1. Input Tax


The tax paid by dealers on their purchases is known as the input tax. Many of their purchases will be subject to VAT; but, in most situations, they will be able to seek VAT credit. Input tax comprises VAT on capital items such as equipment and machinery, in addition to purchasing raw materials and goods for resale.


What was the need for VAT to be implemented in the first place?


The fundamental goal of introducing VAT was to prevent double taxation and the cascade impact that existed in the previous sales tax structure. 


When a product is taxed at every stage of the sale, this is known as a cascading effect. Because the tax is imposed on a value that includes tax paid by the previous buyer, the consumer ends up paying tax on tax that has already been paid.


Value Added Tax is levied in different stages of the production of products and services and comes under the authority of several state governments. As a result, VAT in India may differ slightly from one state to the next.


  1. The VAT system has no exemptions. Taxing at each level of the manufacturing process guarantees better compliance and fewer exploitable loopholes.


  1. When effectively implemented, VAT serves as a significant tool for tax consolidation in the country, assisting in the resolution of the fiscal imbalance to some extent.


  1. Because VAT is a globally recognized taxing system, it will assist India in better integrating into global trade patterns.


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Advantages of Value Added Tax


  1. VAT can close all tax loopholes by substituting a VAT for other taxes such as income tax. A higher incentive to earn more money exists with a VAT than with a progressive income tax. 


  1. Advocates of VAT argue that a regressive tax system, such as VAT, provides people with a stronger incentive to work and earn higher salaries because they keep their earnings (rather than being taxed more for earning more, as is the case with progressive taxes like income taxes) and are only taxed when they buy goods.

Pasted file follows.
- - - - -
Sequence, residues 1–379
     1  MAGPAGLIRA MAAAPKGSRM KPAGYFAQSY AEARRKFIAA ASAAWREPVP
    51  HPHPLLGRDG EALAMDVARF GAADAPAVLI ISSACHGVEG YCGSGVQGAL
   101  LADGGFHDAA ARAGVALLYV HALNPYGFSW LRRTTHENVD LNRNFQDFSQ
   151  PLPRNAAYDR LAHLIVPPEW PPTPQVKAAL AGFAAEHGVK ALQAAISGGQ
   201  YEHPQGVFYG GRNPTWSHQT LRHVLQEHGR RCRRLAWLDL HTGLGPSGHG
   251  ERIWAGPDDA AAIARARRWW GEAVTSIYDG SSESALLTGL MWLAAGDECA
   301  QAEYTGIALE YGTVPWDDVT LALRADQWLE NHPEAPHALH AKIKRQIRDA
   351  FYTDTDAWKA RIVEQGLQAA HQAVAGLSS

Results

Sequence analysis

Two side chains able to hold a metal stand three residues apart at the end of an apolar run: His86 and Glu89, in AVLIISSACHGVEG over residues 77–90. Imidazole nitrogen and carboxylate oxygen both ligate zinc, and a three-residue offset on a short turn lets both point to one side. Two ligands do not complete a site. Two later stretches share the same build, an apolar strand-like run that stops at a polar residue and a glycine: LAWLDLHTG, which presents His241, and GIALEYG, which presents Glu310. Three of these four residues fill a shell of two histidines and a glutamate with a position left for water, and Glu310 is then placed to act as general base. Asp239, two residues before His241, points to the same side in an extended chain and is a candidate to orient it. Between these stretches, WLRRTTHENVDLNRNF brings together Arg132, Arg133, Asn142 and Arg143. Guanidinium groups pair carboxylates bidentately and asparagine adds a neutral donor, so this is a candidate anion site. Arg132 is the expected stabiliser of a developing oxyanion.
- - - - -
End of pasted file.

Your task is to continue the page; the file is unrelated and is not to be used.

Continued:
Disadvantages of Value Added Tax


  1. However, detractors of VAT claim that, unlike income taxes, which vary depending on income, VAT is a flat rate for everyone, and as a result, the poor pay a higher VAT rate than the wealthy, proportionate to their earnings. 


  1. Goods and services become more expensive as a result of VAT, and the entire tax is passed on to consumers. It diminishes customers' purchasing power and may make it harder for low-income individuals and families to purchase basic essentials.


  1. Another downside of VAT is that it causes firms to incur higher costs as a result of the administrative overhead of computing taxes at each stage of the manufacturing process. Worldwide enterprises and multinational corporations with global supply chains spanning numerous tax regimes may find it particularly difficult.


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Bottom Line

Despite the arguments against VAT, it has a number of significant advantages. It boosts government revenue by eliminating tax evasion and establishing a more prompt and effective tax collection mechanism. Regressive taxes can create significant incentives to work, boosting an economy's overall gross domestic product (GDP).